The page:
By Ali Sadidi-Heris, Open Democracy: My latest stay in Iran coincided with the most calamitous event of the year: a rise in fuel prices ranging from 50 to 300% by the state and the subsequent demonstrations that turned violent and deadly amidst a brutal crackdown by security forces. The recent phase of protests occurred as Iran is enduring one of its worst economic crises due to a series of crushing sanctions by the US, as well as internal misconduct and acute corruption within the Iranian administration. Thus, it seems as if Iranians are subjugated on two fronts: first, by an international coalition headed by the US that has imposed far-reaching economic sanctions on the whole country and that holds the population to account for the existence of a rogue state; and, secondly, by a despotic regime that perceives any sort of protest and criticism by its people as a security threat and adopts militant confrontation and repressive measures to silence them.
The ongoing events that started on November 15 draw the final curtain on a story that began with the revolution of 1979 and its aspiration for a free, democratic, and prosperous Iran for all Iranians. Following the latest upheaval, any apologists of the Iranian government, who would still argue for the possibility of change and reform from inside the system by the already existing political factions, should consider themselves complicit in the crimes committed by the state. For politics in Iran has decayed; the system is locked in a dead-end, the players are corrupt, the people are vilified and constrained, and hope for change has withered. Hypocrisy is perpetuated, rule by fear and intimidation internalized, coercion by force and bloodshed normalized, civil society paralyzed. In short, the revolution, along with everything it stood for, has died.
An erosion of ideals
To appreciate the significance of the latest mass uprisings as the last nail in the coffin of the 1979 revolution, one should also consider the student protests of July 1999, as well as the protests of June to July 2009 that came to be known as the Green Movement. In the former case, the reformist government of President Khatami was in power following the 1997 elections. The public enthusiasm for his presidency was ubiquitous as it had campaigned on notions of civil society, liberal economic policies, and rule of law. It was said that Khatami had advised his cabinet members to read The Open Society and Its Enemies by Karl Popper as the new vibrant reformist movement he was leading promoted dialogue with every international power, including the US.
However, the unelected office of the Supreme Leader, which functions as a parallel state vis-à-vis the executive branch, exerted pressure on the government through its authority over the judiciary and the ministry of intelligence.
While the judiciary ordered the closing of several newspapers, several reformist figures were targeted in assassination attempts. These followed the mysterious killings of writers and intellectuals opposing the Islamic Republic, known as the chain murders of 1998. The failure of the executive branch in delivering on its promises caused dissatisfaction and unrest, specifically in universities. The protest movement led by students transformed into the most serious popular challenge facing the government since the revolution. Hence, the subsequent crackdown that was also severe. The demands for a broad and inclusive public sphere to enable social dialogue and toleration of conflicting views were deemed too threatening. The Green Movement of 2009, was essentially political as it concerned public participation in the governmental process.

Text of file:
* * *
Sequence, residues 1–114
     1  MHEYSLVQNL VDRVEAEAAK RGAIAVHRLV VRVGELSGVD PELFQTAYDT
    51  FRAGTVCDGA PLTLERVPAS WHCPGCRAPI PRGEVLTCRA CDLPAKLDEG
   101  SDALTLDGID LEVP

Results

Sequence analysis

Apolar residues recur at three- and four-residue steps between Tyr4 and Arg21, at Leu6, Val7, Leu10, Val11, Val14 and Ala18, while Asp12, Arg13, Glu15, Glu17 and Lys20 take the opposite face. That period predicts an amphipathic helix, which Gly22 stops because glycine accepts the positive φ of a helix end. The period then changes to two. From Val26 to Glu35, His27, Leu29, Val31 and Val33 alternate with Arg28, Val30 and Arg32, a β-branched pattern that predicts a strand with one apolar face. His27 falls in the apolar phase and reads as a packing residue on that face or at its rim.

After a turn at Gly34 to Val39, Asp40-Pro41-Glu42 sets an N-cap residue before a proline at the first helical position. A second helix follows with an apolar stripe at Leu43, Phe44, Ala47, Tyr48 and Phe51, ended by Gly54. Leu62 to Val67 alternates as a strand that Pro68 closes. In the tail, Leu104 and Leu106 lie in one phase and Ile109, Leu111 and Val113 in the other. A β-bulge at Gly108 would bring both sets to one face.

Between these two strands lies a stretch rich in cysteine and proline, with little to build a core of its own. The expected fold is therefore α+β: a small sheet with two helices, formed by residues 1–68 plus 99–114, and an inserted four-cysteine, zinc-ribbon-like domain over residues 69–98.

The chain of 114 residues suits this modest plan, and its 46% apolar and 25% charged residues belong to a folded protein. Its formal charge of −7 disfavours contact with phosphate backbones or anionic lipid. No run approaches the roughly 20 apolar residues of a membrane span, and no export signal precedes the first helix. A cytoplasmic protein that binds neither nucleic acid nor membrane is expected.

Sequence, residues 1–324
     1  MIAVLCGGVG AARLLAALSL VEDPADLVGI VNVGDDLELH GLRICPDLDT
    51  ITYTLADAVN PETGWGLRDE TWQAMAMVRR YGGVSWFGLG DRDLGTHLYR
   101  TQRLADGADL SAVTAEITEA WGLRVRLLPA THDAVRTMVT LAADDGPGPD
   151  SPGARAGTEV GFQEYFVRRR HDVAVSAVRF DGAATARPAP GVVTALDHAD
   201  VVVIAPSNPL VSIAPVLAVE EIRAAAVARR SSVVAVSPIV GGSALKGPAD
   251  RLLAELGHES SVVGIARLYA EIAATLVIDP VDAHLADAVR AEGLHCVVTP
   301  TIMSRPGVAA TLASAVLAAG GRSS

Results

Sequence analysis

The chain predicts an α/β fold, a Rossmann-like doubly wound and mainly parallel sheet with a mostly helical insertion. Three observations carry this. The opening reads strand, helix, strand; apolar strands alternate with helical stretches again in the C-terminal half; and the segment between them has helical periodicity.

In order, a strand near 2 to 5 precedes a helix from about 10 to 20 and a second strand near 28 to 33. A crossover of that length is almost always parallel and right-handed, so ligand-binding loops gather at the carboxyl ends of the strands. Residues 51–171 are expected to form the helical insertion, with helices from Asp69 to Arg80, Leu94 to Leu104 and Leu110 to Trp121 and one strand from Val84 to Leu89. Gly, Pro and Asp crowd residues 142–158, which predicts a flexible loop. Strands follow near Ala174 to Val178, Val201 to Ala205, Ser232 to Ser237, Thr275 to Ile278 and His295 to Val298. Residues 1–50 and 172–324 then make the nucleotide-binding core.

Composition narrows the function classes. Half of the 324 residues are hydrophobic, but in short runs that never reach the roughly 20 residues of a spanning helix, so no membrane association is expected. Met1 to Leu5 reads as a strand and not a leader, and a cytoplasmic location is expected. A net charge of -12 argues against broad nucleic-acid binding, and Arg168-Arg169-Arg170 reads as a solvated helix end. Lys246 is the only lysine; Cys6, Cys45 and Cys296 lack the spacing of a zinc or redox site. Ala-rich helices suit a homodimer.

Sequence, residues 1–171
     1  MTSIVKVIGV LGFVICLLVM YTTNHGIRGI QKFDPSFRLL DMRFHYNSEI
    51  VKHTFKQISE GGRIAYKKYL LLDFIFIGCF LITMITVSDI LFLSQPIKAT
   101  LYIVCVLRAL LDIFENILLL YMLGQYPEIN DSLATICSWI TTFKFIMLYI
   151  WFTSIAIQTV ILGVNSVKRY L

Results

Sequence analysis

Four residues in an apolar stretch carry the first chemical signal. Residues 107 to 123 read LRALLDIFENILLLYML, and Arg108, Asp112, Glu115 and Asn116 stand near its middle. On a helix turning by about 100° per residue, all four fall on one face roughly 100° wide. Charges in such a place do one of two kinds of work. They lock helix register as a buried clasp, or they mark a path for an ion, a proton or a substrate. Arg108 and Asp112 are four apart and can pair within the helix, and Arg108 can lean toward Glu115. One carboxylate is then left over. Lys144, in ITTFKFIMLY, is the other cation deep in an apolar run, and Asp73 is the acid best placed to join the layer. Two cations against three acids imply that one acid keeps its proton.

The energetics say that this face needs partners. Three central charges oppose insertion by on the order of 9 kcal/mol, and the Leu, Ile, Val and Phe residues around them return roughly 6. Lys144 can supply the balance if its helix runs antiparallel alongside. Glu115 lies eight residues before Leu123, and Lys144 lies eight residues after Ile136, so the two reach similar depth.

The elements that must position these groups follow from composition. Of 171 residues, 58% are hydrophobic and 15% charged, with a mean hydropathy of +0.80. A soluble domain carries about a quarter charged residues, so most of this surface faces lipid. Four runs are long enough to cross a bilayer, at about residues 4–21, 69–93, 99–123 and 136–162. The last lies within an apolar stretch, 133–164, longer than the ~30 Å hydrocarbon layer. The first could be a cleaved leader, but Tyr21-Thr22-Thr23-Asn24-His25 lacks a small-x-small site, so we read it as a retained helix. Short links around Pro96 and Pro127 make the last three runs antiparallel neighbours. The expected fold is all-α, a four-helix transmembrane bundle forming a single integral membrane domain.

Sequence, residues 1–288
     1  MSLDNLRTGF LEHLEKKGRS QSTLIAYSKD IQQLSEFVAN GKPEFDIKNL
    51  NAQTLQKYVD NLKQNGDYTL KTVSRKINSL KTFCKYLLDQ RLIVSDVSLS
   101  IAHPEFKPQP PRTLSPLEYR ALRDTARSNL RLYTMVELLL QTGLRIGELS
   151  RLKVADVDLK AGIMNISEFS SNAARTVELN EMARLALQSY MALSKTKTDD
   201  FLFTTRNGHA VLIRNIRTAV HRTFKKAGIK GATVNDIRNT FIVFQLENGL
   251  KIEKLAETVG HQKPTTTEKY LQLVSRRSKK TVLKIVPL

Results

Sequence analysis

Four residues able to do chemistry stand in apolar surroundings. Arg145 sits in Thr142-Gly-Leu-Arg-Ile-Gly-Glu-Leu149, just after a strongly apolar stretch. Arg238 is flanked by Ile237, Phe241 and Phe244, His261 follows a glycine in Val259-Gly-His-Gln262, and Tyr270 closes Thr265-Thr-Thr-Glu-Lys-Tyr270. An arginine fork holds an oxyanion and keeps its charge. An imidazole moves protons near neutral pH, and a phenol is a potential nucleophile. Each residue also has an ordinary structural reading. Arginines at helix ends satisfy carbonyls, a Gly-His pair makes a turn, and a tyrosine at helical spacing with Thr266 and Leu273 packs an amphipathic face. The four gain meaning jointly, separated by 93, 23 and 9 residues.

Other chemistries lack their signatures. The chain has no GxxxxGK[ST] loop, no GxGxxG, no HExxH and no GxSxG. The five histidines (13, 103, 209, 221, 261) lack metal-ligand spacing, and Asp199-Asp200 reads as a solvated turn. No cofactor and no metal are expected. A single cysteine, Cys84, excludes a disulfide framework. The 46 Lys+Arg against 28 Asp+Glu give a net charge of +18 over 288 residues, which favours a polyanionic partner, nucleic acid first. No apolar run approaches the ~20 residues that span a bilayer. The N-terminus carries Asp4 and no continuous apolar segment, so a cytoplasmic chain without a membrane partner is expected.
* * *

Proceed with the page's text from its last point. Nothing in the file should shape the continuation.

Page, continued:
The Green Movement of 2009, was essentially political as it concerned public participation in the governmental process. Despite the lack of evidence for the argument surrounding the 2009 presidential elections, which itself is caused by the self-contained structure of the system that does not allow for any form of inspection, it is widely acknowledged that the results were manipulated in favour of the candidate preferred by the Supreme Leader, even though he denies any interference. Iran does not have free elections as an institutionalized multilevel filtering process ensures figures sympathetic to the core ideology of the state would be the only nominees. In return, Iranians are granted the right to choose among the approved candidates and the vote count would be lawful. Yet, this semi-democratic right to vote was withheld in 2009 to deny the public, once again, means of change and reform from inside the system.
Massive protests erupted in the wake of the top candidates’ refusal to accept the fixed results, the scope of which surpassed the July 1999 demonstrations. Security forces, including police along with members of Basij militia and the IRGC soldiers, flooded the streets and crushed the protests violently after the Supreme Leader’s call for the result to be accepted unanimously. The leaders of the movement, Mir Hossein Mousavi and Mehdi Karroubi, were put under house arrest with no trial, which continues to this day.
For the first time, videos of the clashes between security forces and demonstrators surfaced on the internet. Filmed on cell phones by protestors on the ground, the videos displayed the level of banal brutality exerted by the state as dozens were killed, and hundreds arrested. The possibility of reform through elections was denied to the people, signalling that even the right to vote was not guaranteed if the outcome contradicted the will of the regime. Protestors included mainly young men and women from the middle class and university graduates in city centres who struggled in a post-Ahmadinejad economy that excluded the well-educated from chances of employment and income.